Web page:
The church and monastery founded by St. Finbarr were naturally the center of the diocese till the sixteenth century. For many years the successor to the first abbot was also bishop of the diocese. Other churches and monasteries, however, grew up in the city itself and in the territories over which he ruled. In a document dated 1199, in which Innocent III confirms to the Bishop of Cork his various privileges, mention is made of eight churches in the city, the first being Sancta Maria in Monte, doubtless St. Mary’s, Shandon, close by which stands the Catholic cathedral of today. Two centuries later (1309), in the will of John de Wychedon, we find the names of no fewer than fifteen churches, all in the city, four of them bearing names such as “Lepers of Dilby”, “Lepers of Glenamore”; but a hundred years after this (1462), in a charter of Edward IV, we find only eleven churches mentioned. Of the churches in country districts during this long period we have no definite account. The Carmelites were introduced into Kinsale in 1334 by Robert Balrain; much earlier, in the seventh century, we find mention of Saint Gobban, abbot of a monastery of regular canons in the same town. In Bantry Dermot O’Sullivan Beare built a convent for Franciscans about 1463, and McCarthy Lauder had done likewise at Balymacadane on the Bandon Road in 1460. Tracton Abbey, two miles west from Carrigaline, was begun in 1224, and the great monastery of Kilcrea, five miles west of Cork, was founded by MacCarthy Mor in 1466, who is interred in the middle of the choir.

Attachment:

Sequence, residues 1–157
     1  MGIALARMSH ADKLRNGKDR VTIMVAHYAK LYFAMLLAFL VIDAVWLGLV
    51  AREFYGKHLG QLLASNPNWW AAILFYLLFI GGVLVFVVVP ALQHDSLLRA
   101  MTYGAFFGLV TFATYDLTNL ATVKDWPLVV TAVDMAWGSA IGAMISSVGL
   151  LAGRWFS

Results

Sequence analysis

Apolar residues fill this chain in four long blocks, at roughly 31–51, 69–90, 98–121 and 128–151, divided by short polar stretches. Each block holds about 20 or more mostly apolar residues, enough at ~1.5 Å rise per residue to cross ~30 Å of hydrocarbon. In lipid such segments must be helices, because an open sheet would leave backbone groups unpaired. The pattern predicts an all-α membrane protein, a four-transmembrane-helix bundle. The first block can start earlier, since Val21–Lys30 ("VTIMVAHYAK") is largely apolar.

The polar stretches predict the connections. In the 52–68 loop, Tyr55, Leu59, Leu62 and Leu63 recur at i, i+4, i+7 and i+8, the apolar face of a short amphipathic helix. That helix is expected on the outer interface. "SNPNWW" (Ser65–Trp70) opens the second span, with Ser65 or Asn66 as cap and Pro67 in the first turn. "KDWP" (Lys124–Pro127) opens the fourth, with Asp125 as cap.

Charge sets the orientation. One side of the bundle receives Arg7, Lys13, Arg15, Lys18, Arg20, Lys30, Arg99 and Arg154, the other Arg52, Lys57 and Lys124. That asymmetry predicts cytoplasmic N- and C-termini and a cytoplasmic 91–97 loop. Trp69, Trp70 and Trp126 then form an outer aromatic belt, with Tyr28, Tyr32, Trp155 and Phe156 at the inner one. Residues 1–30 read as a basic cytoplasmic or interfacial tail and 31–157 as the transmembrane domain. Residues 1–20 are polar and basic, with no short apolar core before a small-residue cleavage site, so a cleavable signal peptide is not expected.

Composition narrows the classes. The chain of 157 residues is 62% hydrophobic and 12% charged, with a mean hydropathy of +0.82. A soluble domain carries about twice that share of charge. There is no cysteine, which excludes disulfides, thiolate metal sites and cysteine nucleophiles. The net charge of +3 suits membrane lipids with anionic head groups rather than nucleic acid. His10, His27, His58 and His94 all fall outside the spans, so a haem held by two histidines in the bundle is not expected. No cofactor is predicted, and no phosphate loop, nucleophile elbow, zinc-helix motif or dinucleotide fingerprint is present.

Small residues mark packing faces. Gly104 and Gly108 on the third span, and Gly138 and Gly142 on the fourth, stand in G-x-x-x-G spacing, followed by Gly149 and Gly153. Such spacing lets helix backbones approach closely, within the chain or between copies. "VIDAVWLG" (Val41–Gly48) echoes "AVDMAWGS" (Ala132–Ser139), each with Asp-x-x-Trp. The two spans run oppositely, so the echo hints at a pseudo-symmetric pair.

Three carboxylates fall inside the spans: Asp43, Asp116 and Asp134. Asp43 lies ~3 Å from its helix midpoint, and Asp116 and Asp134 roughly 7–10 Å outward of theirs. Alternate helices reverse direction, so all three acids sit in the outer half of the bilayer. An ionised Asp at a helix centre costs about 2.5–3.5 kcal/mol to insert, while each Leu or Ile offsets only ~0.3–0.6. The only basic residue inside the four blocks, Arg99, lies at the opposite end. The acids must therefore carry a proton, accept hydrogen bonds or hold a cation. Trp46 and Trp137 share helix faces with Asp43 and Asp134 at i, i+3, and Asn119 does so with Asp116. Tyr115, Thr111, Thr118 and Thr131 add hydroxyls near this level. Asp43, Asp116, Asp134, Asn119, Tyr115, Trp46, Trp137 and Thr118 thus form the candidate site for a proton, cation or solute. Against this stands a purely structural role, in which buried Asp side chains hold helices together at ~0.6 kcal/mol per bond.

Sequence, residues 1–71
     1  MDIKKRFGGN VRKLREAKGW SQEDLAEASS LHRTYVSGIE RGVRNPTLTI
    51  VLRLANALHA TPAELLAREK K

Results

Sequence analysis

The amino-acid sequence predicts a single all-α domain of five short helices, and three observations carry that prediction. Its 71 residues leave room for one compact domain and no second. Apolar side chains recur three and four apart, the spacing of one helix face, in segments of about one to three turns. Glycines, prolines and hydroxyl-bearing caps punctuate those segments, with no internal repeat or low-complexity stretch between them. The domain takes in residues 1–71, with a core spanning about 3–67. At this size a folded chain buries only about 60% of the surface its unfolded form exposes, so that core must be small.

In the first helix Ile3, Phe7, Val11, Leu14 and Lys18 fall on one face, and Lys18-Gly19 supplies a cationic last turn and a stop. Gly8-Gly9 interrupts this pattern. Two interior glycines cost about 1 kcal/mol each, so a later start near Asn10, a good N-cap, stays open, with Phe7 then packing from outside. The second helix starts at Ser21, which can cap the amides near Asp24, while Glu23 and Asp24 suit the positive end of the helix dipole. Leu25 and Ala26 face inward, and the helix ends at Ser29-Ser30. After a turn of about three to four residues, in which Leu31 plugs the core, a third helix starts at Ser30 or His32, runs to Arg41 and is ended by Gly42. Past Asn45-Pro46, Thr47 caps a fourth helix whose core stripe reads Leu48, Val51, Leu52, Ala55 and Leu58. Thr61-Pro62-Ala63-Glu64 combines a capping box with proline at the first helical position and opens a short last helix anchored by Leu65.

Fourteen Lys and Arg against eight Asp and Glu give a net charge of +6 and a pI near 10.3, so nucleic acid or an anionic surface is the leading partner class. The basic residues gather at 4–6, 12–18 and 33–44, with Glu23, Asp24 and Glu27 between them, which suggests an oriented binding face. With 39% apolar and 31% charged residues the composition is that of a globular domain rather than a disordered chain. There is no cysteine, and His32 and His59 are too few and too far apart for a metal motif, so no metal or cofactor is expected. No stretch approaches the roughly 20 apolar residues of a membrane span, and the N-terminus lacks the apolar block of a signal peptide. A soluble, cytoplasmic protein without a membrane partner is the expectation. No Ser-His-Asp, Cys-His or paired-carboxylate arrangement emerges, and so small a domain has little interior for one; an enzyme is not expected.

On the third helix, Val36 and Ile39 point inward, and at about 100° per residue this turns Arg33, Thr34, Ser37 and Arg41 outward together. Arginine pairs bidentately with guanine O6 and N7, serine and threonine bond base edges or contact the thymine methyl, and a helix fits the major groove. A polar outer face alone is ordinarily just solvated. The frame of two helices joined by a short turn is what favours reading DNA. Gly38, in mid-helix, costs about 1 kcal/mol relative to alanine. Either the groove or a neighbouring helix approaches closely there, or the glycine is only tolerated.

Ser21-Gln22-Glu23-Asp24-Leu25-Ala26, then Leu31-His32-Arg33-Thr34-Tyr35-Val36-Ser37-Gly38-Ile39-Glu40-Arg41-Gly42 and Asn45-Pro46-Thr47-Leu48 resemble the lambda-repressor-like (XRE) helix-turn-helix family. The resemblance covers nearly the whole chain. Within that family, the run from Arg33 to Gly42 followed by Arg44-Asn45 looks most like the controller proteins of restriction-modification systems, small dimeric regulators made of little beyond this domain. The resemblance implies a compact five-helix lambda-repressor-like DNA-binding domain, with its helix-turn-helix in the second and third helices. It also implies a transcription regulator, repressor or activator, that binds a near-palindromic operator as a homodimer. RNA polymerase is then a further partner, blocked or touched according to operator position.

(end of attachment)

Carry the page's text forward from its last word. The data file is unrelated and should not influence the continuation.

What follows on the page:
At the Reformation, when Bishop Bennett was deprived of the temporalities of the see (1535), such of the churches as remained passed into Protestant hands. Among others the old church of St. Finbarr, called Gill Abbey, after a famous bishop of the twelfth century (1152-72), seems to have remained in some form till 1725. At that date it was removed to make room for a more modern building, which in turn has been succeeded by the present Protestant cathedral. After the Sequestration the Catholics had perforce to rest contented with very humble “Mass-houses”, as contemporary accounts describe them. In the reports given by government officials in 1731 we find many of them put down as huts; and the addition “built since George the 1st” applied to the names of many more. The existing churches of the diocese have been erected in recent years on, or near, the sites of these last monuments of persecution. In the five parishes into which the city is divided there are thirteen public churches, besides private oratories and chapels attached to institutions. In each of the thirty parishes in country districts there are one, two, or three churches, according to the population, all of recent erection, and built in a manner that befits the great mysteries they enclose. Of the city parishes two—that called the North, or St. Mary’s, and that of Sts. Peter and Paul—are held by the bishop. In the former stands the pro-cathedral, begun by Dr. Moylan in 1729, a red sandstone structure, overlooked by a magnificent tower of the same material, due to the energy of a well-known Cork priest.